- Security TWENTY
- Women in Security
It costs three pence, but £1.50 to get rid of. It’s those white splodges that are randomly over the streets, parks, schools, cinemas, trains, planes and theme parks. It’s chewing gum which when chewed and thrown away irresponsibly is unsightly on roads and pavements.
UK chewers get through up to four million pieces of gum a year, and local government reckons the annual clean-up bill is around £60 million. In the pedestrianised area of Middlesbrough town centre, the council does removal by hiring specialist equipment. In time for the spring 2021 lifting of covid lockdown, the council is asking people to dispose of their gum in a public-spirited way – and turn the remains into something useful. Twenty bright pink Gumdrop bins at key locations are part of a trial to help clear up the streets. Gumdrop as a company seeks to recycle and process chewing gum into a range of new compounds that can be used in the rubber and plastics industry.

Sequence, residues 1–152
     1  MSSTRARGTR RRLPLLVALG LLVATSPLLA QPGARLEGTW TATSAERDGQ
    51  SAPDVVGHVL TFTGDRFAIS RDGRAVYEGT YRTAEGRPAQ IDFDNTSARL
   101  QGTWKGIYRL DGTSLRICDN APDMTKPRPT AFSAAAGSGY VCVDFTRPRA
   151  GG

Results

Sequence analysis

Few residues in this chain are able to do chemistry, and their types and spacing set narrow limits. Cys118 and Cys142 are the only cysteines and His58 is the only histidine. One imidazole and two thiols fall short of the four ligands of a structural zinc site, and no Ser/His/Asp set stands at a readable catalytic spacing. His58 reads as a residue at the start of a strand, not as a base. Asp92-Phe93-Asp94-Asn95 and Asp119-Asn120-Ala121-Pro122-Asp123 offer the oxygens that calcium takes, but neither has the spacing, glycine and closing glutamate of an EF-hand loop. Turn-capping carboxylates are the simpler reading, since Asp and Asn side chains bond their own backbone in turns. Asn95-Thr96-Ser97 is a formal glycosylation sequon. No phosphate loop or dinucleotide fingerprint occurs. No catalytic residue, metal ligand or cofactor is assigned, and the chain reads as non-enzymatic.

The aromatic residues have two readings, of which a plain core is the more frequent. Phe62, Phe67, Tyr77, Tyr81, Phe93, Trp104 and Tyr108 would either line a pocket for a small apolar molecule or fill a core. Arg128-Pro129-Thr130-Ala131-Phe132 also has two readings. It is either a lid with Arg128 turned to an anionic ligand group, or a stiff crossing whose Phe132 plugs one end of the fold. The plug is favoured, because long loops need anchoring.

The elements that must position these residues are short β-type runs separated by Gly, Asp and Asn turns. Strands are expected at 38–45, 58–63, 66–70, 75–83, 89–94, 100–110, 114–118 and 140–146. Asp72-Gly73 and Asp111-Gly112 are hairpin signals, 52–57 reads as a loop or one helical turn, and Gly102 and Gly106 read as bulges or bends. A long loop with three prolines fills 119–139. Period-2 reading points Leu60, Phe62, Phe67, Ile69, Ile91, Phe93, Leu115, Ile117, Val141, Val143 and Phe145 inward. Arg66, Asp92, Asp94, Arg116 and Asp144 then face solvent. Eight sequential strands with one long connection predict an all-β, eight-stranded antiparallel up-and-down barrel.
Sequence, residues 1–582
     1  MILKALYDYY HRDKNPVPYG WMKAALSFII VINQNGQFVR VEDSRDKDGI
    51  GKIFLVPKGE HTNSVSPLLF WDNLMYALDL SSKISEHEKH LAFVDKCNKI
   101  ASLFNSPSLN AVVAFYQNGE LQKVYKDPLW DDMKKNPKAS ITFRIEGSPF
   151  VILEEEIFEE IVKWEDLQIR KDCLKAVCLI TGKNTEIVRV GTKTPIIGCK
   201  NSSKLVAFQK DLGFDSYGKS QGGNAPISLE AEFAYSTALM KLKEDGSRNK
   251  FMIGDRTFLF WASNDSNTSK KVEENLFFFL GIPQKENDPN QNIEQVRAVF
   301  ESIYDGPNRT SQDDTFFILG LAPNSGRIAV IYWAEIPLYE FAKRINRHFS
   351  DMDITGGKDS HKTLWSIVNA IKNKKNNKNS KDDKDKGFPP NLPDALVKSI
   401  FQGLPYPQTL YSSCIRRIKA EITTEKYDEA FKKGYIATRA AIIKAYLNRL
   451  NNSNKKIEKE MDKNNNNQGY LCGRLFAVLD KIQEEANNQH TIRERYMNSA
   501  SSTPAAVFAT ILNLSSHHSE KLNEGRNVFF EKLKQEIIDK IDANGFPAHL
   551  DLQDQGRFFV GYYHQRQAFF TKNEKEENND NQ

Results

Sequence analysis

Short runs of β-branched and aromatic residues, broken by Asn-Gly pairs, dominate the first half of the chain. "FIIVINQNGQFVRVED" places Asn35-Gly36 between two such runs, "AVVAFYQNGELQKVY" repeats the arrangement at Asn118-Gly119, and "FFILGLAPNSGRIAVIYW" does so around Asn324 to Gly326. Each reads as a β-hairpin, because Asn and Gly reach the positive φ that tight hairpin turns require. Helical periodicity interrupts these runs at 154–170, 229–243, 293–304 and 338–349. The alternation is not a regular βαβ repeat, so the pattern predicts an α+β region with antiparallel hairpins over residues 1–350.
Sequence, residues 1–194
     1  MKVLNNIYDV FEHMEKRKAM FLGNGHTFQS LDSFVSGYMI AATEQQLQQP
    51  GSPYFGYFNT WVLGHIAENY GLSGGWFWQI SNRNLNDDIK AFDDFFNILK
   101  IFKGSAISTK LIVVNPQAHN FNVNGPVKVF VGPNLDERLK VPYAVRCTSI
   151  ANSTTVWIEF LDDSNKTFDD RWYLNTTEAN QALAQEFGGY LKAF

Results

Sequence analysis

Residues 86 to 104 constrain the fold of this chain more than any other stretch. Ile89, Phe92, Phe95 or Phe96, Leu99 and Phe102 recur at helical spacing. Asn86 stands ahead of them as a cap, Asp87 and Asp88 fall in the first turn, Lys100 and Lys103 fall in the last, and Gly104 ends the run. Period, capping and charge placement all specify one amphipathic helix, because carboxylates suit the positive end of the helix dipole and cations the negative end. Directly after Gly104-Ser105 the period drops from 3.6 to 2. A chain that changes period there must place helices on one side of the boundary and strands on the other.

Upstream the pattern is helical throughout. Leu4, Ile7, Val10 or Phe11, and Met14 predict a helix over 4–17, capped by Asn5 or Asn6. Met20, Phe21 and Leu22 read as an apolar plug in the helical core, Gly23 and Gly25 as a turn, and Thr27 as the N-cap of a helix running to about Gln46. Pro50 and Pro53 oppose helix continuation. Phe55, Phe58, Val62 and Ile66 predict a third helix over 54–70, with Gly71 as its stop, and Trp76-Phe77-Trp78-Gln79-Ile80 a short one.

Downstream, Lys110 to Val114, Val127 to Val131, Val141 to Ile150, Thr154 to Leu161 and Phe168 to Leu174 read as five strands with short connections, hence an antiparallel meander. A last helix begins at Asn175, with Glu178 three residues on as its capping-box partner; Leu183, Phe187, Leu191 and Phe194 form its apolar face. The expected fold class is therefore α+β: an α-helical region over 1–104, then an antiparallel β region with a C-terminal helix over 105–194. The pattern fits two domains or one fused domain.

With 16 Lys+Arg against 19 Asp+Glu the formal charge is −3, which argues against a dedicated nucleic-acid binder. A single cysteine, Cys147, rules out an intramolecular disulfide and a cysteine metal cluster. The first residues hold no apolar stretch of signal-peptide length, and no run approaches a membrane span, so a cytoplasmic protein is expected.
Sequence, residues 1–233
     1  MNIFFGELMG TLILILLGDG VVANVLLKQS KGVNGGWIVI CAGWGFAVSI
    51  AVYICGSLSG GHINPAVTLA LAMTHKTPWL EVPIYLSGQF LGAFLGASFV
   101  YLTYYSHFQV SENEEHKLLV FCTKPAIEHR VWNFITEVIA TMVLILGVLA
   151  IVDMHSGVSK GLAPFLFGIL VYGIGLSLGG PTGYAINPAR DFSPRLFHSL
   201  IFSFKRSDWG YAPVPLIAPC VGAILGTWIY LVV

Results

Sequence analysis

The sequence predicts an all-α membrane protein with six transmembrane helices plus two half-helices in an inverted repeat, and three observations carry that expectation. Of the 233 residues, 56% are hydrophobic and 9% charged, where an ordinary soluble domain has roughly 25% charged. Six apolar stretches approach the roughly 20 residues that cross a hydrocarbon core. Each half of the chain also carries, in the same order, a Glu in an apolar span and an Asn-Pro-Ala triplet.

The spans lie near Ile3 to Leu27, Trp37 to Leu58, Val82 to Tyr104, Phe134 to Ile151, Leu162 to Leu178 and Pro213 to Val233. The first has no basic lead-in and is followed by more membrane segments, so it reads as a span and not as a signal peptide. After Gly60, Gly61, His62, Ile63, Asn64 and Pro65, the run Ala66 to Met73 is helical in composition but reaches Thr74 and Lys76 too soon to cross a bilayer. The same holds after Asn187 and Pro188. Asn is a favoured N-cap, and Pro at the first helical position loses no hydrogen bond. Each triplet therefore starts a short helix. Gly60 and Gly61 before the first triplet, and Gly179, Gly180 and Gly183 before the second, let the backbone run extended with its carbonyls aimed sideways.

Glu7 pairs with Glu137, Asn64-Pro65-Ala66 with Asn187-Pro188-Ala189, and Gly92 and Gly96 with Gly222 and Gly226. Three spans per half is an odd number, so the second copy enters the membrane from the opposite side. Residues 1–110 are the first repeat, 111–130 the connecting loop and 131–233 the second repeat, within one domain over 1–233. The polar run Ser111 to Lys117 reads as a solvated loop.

Using the company’s Gum-tec process, unwanted gum is transformed into new bins and other reusable products such as coffee mugs, rulers, mobile phone cases, coat hangers, buckets, picnic cutlery and drinking straws. Gumdrop keyrings are also available free from Middlesbrough community hubs and libraries – once full they can be placed into the Gumdrop bins for onward recycling.
Councillor Dennis McCabe, Middlesbrough Council’s Executive member for Environment, said: “Don’t chuck it, bin it – it really is that simple. Discarded gum is an anti-social eyesore that costs a small fortune to clean, and chucking it in the street is just as unacceptable as spitting or dropping a cigarette butt.
“These Gumdrop bins could change all that – not only are you avoiding the risk of an £80 fixed penalty notice, but your discarded gum will go on to do something useful rather than getting stuck to roads, pavements and shoes.”